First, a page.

How to get a wed­ding she wants

The Washington Post Sunday - - MUSEUMS - Car­olyn Hax

Hello there! I am get­ting mar­ried this win­ter. My fi­ance and I want a small for­mal cer­e­mony. We found a small chapel that holds only 12.

My mother told every­one in my fam­ily and in­vited some­one I don’t even know to our wed­ding and then man­u­fac­tured a list of peo­ple I “have” to in­vite. I went home to my fi­ance and cried my eyes out.

He told me we could change our wed­ding to make Mom happy. I was so re­lieved he was will­ing to, but I also wish I could have the wed­ding I want. I vented to a friend about the change. She ran into my mom awhile later and com­pletely laid into her about how it’s my wed­ding and it should be the way I want it. I was un­aware of the con­ver­sa­tion un­til my mom called and screamed at me about how she won’t be com­ing to my wed­ding.

I was crushed! My fi­ance came up with a plan. We would have “our” wed­ding ear­lier in the day with friends who sup­port us and have “their” wed­ding af­ter­ward. I liked the thought. My mom de­cided to come and ev­ery­thing was fine.

Un­til my sis­ter de­cided to send me a book on man­ners. She had the (dis) cour­tesy to write com­ments in the mar­gins (“dad in a tuxedo what are you think­ing?” “Mar­ried in win­ter? Put it off un­til spring!”). She even in­formed my fam­ily that the wed­ding is be­grudg­ing and I am only put­ting it on for show.

I’ve had it. I’m so up­set. If it is all com­ing out of our own pock­ets, why can’t we have the wed­ding we want?

— Frus­trated Bride­Not­to­Be Frus­trated Bride-Not-to-Be: I don’t know — why can’t you?

Your fam­ily wants what it wants and goes full ban­shee to get it, but that’s not a rea­son you “can’t” be in con­trol; it’s the rea­son you’ve cho­sen to cede con­trol to them. Two very dif­fer­ent things.

You’ve asked about a wed­ding, but please know this is about ev­ery­thing.

That’s be­cause it’s about your fam­ily’s poor grasp of bound­aries: One mem­ber’s busi­ness is treated as ev­ery­body’s. Your mom in­vites peo­ple to your wed­ding, your sis­ter anoints her­self your pro­to­col chief, even your friend takes up your bat­tle with your own mother.

Your friend isn’t fam­ily, of course, but you chose her, and so it’s not a stretch to con­nect some dots: Your fam­ily trained you in no-bound­ary in­ter­ac­tion; we seek friends who seem fa­mil­iar emo­tion­ally; your friend is not good with bound­aries.

Even your fi­ance, who sounds lovely, is about ac­com­mo­da­tion vs. hold­ing the line.

So I think it’s fair to call your wed­ding a bru­tal 5 a.m. alarm telling you to work on your un­der­stand­ing of bound­aries.

Think of them as the lines be­tween your busi­ness and some­body else’s. “Lifeskills for Adult Chil­dren” (Woititz and Garner) is great on the ba­sics and so perfect for an adult “be­gin­ner,” as in, one whose fam­ily makes no such dis­tinc­tions. Brene Brown also has a nice take here: BBBound.

To en­force a bound­ary is to de­cline to al­low others to con­trol you, and to re­spect one is to choose not to at­tempt to con­trol others. For ex­am­ple: “Mom, I see how ex­cited you are for the wed­ding. You do not get to in­vite peo­ple, though, with­out asking me first. I’ll share my guest list when it’s ready, and I won’t add ex­tra peo­ple just be­cause you told them they could come.”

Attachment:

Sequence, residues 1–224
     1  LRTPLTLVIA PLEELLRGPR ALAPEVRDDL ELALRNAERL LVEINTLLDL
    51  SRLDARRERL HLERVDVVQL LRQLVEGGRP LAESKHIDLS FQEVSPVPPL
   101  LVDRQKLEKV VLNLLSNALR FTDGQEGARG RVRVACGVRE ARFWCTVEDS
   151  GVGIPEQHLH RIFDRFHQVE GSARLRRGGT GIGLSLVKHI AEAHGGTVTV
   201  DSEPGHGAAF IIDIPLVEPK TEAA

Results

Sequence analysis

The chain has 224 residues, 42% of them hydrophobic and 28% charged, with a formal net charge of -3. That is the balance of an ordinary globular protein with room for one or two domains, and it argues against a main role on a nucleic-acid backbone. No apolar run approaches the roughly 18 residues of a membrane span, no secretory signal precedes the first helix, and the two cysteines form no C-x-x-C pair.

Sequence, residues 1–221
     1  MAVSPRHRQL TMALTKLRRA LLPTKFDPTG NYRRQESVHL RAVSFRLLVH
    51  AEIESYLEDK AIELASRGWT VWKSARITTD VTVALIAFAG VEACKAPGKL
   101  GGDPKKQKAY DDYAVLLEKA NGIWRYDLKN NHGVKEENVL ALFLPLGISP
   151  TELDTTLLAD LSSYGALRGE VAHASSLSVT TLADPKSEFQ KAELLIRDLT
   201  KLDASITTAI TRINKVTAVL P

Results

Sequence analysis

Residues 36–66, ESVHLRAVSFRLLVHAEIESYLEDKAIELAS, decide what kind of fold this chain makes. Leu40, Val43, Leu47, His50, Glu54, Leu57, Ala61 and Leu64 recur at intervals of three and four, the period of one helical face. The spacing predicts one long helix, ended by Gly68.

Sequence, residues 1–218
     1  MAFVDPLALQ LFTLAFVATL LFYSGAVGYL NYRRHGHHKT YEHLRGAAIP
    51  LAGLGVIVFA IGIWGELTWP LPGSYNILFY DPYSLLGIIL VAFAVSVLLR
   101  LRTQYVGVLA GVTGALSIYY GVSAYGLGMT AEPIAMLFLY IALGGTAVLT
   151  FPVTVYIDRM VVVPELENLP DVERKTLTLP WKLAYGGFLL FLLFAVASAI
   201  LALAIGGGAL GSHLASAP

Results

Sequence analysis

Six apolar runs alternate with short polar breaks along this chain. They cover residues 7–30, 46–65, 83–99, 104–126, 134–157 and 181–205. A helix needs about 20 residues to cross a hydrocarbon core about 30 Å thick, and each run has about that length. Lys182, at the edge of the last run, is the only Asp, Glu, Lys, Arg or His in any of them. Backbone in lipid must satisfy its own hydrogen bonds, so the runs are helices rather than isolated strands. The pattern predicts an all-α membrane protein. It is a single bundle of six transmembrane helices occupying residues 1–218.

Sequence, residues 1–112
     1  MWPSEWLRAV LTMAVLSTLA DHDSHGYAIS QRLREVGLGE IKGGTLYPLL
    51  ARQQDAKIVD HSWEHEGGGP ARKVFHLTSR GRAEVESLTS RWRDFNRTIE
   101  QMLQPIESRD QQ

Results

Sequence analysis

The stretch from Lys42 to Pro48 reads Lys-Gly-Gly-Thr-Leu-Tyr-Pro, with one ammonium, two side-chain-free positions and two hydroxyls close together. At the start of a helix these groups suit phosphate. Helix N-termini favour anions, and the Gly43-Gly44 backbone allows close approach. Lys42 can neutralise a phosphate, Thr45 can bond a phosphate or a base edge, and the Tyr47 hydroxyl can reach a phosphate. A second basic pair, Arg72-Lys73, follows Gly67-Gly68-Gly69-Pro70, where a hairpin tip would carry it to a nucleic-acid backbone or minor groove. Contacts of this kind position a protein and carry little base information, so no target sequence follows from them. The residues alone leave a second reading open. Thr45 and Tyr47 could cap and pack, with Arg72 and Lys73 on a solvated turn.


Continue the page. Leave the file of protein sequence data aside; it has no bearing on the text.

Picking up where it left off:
Bound­aries have con­se­quences; your mother will ac­cuse you of be­ing rude and mak­ing her look bad when you do this, and peo­ple who thought they’d be in­cluded won’t be.

But the long-term emo­tional ben­e­fits are well worth the short-term pain of defin­ing, own­ing and de­fend­ing the parts of your life that are yours alone to gov­ern.

If you and your fi­ance de­cide that pleas­ing your mom is a higher pri­or­ity than hav­ing the wed­ding you pre­fer, then so be it; there’s noth­ing wrong with hear­ing peo­ple out — or even chang­ing your mind. What mat­ters isn’t the ex­act na­ture of your de­ci­sions, but in­stead that you give your peace of mind the last word in mak­ing them. Cav­ing to others breeds re­sent­ment. Ex­am­ple: You. This. All of it.

You can as­sert your au­ton­omy and its lim­its in the way you an­nounce your de­ci­sions: “This is our wed­ding, as we pre­fer it. We real­ize not every­one is thrilled, but we also hope you’ll re­spect our wishes and share in our joy.”

Put it in your own words, of course, and then en­ter­tain no fur­ther com­plaints, pres­sures, fits, judgy lit­tle mar­gin notes (!!), gate-crash­ers or har­rumph­ing boy­cotters. Just be lov­ing and firm and con­sis­tent as you do (or I-do) your own thing.

When your re­solve buck­les, as it surely will un­der in­tense pres­sure from peo­ple ac­cus­tomed to get­ting their way, re­mem­ber: It’s your life. Full stop. Re­mem­ber this un­hap­pi­ness as what cav­ing will al­ways pro­duce.

Loved ones ei­ther ad­just and honor your in­tegrity or ac­cept a di­min­ish­ing role in your life.

Con­grat­u­la­tions to you both.

Write to Car­olyn Hax at tellme@wash­ Get her column de­liv­ered to your in­box each morn­ing at­post.

Join the dis­cus­sion live at noon Fri­days at wash­ing­ton­ con­ver­sa­tions.

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